With Single City Location, NCAA Changes Its Seeding Formula For March Madness

Now that this year’s NCAA March Madness is set to play every game in Indiana, the Division I Mens’s Basketball Committee is changing its bracket set up. Instead of allowing proximity to the play site determine seeding, the seeding will follow an “S-curve” method.

With the current restrictions on fan attendance, there’s no real reason to worry about fan travel. This is probably the right move.

In a normal year, the No. 1 overall seed wouldn’t be grouped “regionally” with the No. 2 or 3 seeds. Geographic proximity would normally play a major role in bracket placement, but now it’s no longer a factor.

Long story short: March Madness is about to be insanity.

NCAA senior vice president Dan Gavitt shared his thoughts:

“As the committee discussed this topic, it became clear that the S-curve bracketing option makes the most sense, given the unique circumstances with which this tournament will be played,” Gavitt said in his release. β€œIn a normal year, bracketing is done with consideration given to keeping as many teams as close to their campus as possible, reducing team travel and providing as many fans as possible an opportunity to watch their favorite teams participate in The Big Dance. But this year only, with the entire tournament being played in Indiana, the committee believes this different approach is optimal.”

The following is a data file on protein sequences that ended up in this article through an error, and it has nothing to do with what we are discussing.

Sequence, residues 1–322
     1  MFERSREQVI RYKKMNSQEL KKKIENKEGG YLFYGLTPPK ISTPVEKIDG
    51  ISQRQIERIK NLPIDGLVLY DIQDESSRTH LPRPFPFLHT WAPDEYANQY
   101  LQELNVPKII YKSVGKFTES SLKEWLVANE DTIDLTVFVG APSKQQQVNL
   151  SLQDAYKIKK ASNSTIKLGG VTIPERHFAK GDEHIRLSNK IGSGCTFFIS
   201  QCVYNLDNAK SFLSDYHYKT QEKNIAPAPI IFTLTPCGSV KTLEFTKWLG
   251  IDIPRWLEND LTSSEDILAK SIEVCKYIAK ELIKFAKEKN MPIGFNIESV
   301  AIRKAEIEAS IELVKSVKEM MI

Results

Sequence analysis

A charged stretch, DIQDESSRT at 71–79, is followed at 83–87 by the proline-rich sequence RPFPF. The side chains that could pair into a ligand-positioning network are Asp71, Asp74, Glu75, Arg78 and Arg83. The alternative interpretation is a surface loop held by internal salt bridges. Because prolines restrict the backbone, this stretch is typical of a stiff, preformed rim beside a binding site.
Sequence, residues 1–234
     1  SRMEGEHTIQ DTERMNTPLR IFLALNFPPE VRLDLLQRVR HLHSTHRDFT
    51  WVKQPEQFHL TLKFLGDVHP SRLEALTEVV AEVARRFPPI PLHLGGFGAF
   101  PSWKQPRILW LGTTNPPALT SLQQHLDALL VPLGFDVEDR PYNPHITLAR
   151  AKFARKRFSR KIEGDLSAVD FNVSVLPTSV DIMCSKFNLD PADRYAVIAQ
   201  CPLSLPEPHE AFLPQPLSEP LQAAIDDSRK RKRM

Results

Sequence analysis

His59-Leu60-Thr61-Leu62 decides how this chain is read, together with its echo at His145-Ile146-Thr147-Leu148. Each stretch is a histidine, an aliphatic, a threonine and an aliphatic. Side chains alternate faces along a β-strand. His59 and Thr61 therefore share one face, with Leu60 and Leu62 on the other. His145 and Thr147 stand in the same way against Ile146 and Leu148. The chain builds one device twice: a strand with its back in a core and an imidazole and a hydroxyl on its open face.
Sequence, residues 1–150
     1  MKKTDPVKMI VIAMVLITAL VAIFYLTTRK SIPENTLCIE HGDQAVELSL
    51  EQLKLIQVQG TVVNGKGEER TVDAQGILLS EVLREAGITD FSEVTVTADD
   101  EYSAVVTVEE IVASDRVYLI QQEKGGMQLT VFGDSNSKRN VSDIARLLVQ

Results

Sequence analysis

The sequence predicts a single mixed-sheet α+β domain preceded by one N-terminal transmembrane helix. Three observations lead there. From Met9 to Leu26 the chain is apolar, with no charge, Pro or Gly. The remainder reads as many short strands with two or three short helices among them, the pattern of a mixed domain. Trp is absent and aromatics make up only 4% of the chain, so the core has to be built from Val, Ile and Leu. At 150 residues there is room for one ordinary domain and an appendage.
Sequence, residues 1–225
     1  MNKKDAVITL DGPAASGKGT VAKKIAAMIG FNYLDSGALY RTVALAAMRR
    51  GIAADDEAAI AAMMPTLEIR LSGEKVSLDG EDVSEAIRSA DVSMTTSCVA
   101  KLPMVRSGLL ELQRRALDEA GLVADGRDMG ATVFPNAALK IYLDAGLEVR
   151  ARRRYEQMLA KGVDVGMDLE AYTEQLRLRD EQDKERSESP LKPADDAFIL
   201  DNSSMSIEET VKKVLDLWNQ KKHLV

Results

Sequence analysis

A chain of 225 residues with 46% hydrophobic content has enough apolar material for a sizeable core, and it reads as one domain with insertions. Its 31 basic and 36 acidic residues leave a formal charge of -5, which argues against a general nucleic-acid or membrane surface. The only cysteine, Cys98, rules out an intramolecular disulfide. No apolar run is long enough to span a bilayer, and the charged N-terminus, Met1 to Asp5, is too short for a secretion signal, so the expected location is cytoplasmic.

The NCAA plans to hold the same 68-team tournament per usual, which begins on Selection Sunday March 14 with the national title game April 5.

Turns out the games will be played at multiple venues in Indianapolis that are just a short drive from one another.

Here’s the full S-curve method

  • Top four team selected from a conference will be placed in different regions if they’re seeded in the first four lines.
  • Teams from the same conference will not meet before the regional final if they played each other three or more times in the regular season, including the conference tournament.
  • Teams from the same conference will not play before the conference semifinals if they played each other twice in the regular season, including the conference tournament.
  • Teams from the same conference may play each other as early as the second round if they played no more than once in the regular season, including the conference tournament.
  • If possible, rematches of nonconference regular-season games should be avoided in the First Four and first round.

The NCAA needs the most competitive March Madness possible with the absence of fans. Without them, matchups further in the tournament will heavily effect their profits more than ever. Frustrating to see changes to anything about college hoops, but this one makes sense.

Written by Gary Sheffield, Jr

Gary Sheffield Jr is the son of should-be MLB Hall of Famer, Gary Sheffield. He covers basketball and baseball for OutKick.com, chats with the Purple and Gold faithful on LakersNation, and shitposts on Twitter. You can follow him at GarySheffieldJr

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